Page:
Archive News February 2019

In the summer of 2018 the BMIHT Archive was successful in its application for a grant to help make the Sales & Press Collection accessible to the general public through The Art of Selling project. This grant was part of 'Archives Revealed', a scheme sponsored by the National Archives and The Pilgrim Trust, which focuses on opening up important collections through cataloguing projects. Katie Finn, the author of this blog, was hired as Project Archivist and two volunteers, Lyn and Les, were recruited and trained thanks to the funding.

If you are a regular follower of Archive News, Document of the Month or any of the British Motor Museum's social media activities on Facebook, Twitter, Flickr or Instagram, you will already be familiar with our Art of Selling Project. Previous blog posts have highlighted the range of documents that are held in the Sales & Press Collection including the Morris Marina scrapbook, the Ford Fab 1 press pack, and the Archive Department's favourites, the Maxi and Marina sashes. These, and many other interesting items, were uncovered during the first organisational phase of the project.

Katie faced a mass of unsorted material in unsuitable boxes when she started the project. She soon began to sort through the many items such as these press cuttings  and get them into the right packaging, as can be seen on the shelves behind.

Where do I begin?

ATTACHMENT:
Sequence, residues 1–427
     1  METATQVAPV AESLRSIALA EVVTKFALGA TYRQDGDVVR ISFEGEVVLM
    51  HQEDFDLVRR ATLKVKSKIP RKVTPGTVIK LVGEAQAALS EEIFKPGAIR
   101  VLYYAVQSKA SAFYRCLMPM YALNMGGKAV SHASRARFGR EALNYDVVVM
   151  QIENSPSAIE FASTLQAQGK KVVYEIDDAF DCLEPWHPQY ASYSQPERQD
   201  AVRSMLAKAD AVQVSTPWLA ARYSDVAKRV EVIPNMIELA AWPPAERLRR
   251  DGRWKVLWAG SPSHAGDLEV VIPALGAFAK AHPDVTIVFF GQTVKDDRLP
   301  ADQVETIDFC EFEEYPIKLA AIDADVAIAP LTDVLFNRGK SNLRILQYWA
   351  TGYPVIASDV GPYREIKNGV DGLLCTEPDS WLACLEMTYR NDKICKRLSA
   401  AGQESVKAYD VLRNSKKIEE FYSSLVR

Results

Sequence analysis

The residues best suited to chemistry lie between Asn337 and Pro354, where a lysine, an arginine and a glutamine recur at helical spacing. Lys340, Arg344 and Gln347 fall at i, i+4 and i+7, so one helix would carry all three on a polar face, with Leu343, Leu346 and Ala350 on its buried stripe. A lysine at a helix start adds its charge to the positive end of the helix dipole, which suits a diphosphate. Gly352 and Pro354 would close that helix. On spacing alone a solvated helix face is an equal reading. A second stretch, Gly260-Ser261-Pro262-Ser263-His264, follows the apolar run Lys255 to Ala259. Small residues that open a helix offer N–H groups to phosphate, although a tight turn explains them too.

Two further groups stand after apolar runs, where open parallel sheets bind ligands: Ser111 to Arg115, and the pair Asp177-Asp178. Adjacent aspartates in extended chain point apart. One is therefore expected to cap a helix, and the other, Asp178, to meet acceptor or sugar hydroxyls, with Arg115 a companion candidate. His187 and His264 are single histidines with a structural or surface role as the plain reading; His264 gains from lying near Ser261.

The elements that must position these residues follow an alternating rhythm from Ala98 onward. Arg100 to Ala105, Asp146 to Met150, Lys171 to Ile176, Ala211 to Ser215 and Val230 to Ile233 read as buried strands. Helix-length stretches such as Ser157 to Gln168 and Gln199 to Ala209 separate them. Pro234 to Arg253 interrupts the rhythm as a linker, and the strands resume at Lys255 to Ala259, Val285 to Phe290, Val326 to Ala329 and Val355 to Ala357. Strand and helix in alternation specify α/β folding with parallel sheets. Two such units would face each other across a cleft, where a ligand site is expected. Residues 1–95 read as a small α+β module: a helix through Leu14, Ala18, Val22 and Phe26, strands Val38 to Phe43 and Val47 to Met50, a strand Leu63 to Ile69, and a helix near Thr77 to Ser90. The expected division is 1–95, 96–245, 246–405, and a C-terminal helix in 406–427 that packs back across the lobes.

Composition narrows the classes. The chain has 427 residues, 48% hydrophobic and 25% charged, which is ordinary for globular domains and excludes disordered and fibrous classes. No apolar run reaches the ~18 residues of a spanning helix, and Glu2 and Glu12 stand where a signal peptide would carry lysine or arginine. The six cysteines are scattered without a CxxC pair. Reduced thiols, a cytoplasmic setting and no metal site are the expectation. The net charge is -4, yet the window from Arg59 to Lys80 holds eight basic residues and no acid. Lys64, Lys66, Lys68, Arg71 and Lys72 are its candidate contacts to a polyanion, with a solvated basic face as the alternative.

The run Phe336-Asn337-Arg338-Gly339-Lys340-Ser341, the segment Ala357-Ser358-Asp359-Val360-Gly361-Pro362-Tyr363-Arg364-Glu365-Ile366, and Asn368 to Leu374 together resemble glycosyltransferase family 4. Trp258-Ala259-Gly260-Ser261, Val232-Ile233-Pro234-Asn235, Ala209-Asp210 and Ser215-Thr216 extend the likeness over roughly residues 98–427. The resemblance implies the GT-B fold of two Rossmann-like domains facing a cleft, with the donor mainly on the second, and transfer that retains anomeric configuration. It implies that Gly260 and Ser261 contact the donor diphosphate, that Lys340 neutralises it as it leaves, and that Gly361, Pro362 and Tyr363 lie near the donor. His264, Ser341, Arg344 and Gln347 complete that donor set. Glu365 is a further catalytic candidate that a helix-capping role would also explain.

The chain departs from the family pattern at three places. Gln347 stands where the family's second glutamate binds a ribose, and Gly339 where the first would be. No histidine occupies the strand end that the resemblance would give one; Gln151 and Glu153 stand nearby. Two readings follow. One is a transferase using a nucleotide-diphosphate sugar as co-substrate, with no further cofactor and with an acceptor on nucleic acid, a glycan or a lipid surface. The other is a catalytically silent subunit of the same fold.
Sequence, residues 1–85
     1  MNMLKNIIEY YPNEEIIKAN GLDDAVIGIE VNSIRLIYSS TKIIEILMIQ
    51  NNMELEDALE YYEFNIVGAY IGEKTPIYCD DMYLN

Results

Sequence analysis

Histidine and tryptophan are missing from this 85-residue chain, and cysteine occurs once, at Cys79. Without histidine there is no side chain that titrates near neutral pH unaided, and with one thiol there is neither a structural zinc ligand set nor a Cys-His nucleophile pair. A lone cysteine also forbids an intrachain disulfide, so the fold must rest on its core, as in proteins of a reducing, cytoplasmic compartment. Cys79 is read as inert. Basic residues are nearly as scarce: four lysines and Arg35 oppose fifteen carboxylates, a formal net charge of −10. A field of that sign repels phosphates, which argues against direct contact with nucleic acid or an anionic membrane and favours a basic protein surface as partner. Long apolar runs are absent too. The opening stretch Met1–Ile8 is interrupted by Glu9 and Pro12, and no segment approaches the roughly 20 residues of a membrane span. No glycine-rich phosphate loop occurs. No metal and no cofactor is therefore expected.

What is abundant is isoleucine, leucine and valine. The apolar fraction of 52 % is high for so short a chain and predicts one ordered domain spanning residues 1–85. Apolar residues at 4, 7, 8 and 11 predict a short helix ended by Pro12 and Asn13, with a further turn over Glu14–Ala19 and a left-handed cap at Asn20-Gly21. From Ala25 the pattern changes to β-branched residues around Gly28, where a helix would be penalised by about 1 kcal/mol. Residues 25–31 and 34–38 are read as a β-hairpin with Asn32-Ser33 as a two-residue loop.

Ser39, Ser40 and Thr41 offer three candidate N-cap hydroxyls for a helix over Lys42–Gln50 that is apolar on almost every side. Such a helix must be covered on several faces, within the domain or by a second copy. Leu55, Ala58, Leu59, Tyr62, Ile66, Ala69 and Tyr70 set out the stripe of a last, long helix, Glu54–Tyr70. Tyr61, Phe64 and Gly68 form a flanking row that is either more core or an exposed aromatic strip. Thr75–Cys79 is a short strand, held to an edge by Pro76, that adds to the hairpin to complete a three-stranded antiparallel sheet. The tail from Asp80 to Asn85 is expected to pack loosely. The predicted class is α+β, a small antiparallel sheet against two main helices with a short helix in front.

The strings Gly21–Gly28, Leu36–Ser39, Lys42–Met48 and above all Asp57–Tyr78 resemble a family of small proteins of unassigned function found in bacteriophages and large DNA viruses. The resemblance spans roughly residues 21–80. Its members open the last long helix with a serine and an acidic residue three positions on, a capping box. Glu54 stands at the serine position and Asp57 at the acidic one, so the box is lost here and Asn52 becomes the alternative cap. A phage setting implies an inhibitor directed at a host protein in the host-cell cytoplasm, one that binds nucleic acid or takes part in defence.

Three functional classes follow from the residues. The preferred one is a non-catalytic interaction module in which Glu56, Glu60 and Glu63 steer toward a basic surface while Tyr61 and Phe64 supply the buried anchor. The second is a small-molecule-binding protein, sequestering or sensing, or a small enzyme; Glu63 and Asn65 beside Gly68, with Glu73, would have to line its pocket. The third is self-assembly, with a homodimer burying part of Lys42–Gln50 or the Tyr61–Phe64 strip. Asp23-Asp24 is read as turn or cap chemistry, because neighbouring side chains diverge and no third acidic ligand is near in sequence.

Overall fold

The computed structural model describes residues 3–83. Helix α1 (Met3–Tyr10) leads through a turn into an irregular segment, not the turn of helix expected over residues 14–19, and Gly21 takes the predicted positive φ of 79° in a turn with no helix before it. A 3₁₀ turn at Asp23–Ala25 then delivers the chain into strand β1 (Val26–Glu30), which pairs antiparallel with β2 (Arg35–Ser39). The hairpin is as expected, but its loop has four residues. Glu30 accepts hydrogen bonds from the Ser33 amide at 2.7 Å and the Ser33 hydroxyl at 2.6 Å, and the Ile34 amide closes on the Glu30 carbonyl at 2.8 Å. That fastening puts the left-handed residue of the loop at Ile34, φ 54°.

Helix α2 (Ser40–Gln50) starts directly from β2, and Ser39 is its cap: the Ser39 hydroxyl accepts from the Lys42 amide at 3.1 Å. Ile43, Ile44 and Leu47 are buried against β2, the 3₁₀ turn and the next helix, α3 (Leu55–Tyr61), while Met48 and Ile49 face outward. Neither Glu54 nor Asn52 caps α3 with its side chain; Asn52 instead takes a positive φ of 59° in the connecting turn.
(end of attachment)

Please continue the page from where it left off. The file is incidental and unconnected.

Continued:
I began working on this project at the end of October 2018 and became quickly aware of not only how vast the collection is, but how important it is to make this material available to the public. I was greeted with multiple rows of boxes, some of which were sorted and described and many that were not, and quickly set about looking through them to get a basic understanding of what was actually in the collection. This basic overview helped me form a plan for the next stage: organising and reboxing. The categories for the collection were established and after lots of research and looking at timelines of British Leyland I set about sorting the documents into their relevant categories.

Organising the collection

The first phase of the project has two important strands. The first is reboxing and repackaging the collection, and the second is a rough sort of the documents.

Our Conservator, Cath, tackles the big job of conserving a scrap book full of cuttings about the Morris Marina.

One of the most important roles of an Archive is to ensure that documents are in the best condition to preserve them for future use. To do this the documents are transferred to archival quality boxes and enclosures. These protect the documents from dust and dirt as well as making them easier to move. In addition to reboxing the documents, the condition of the documents is evaluated and in some cases given to Cath the Conservator to repair. The range of issues that I have come across include minor tears, the loose covers of pamphlets and the use of cellotape to hold things together. There are some items that need a lot more work, including the Morris Marina scrapbook highlighted by Cath in last month's Archive News.

During the repackaging of documents, the volunteers and I were also able to carry out basic conservation by removing rusty staples, paperclips and plastic sleeves. These were replaced by brass paper clips and melinex envelopes (archival quality plastic) to prevent further deterioration. Overall 250 cardboard boxes were repackaged into archive boxes. For an Archivist the finished uniform shelves are one of the best sights to see.